Children raised in rural environments, who spend a significant amount of time outdoors and have some exposure to animals, develop better regulated immune systems compared to children living in urban areas, according to a new study conducted by APC Microbiome Ireland (APC) and University College Cork (UCC). The research highlights the crucial role that a child’s living environment and lifestyle play in the early development of their immune system. The immune system must learn to avoid overreacting in early life to prevent excessive reactions later in life that can lead to disease.
The study focused on children aged 15-35 months in South Africa, living in both rural and urban areas. The scientists investigated the link between environmental factors and the presence of atopic dermatitis (AD) or eczema. The researchers discovered that children living in rural areas have multiple ways of identifying and dealing with threats within their immune systems. During childhood, our bodies develop various immune pathways in response to “protective exposures” like spending time outdoors and with animals, as well as “potentially detrimental exposures” such as pollutants and viruses.
These findings support existing evidence that exposure to specific environmental stimuli and lifestyle factors during childhood can have significant implications for a person’s short- and long-term health. The research was a collaboration between APC Microbiome Ireland, UCC, the University of Cape Town, the Swiss Institute of Allergy and Asthma Research, Stanford University, and the Karolinska Institute.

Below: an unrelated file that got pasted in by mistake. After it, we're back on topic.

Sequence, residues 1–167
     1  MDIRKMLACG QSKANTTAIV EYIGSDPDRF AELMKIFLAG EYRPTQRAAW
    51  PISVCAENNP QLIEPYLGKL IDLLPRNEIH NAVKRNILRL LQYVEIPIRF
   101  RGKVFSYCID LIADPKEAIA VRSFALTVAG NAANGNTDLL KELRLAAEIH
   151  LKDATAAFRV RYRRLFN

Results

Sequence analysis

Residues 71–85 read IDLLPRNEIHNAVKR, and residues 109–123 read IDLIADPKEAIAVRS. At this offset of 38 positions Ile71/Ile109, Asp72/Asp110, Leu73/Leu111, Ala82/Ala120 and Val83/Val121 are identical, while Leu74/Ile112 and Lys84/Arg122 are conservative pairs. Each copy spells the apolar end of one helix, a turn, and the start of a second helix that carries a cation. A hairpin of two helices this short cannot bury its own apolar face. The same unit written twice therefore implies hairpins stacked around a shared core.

Prof. Liam O’Mahony, APC principal investigator and UCC professor of Immunology, led the study. He emphasized the importance of the “immunological window of opportunity” in establishing the limitations and reaction trajectories of our immune system, which persist throughout our lives and influence the risk of immune-mediated diseases. Prof. O’Mahony stated, “These protective and detrimental early life environmental exposures help shape our immune response.” He further highlighted the significance of expanding our understanding of the mechanisms and role of the environment in immune development. This research can pave the way for new advancements in early disease diagnosis and the development of interventions that can more specifically and safely modulate immune activity.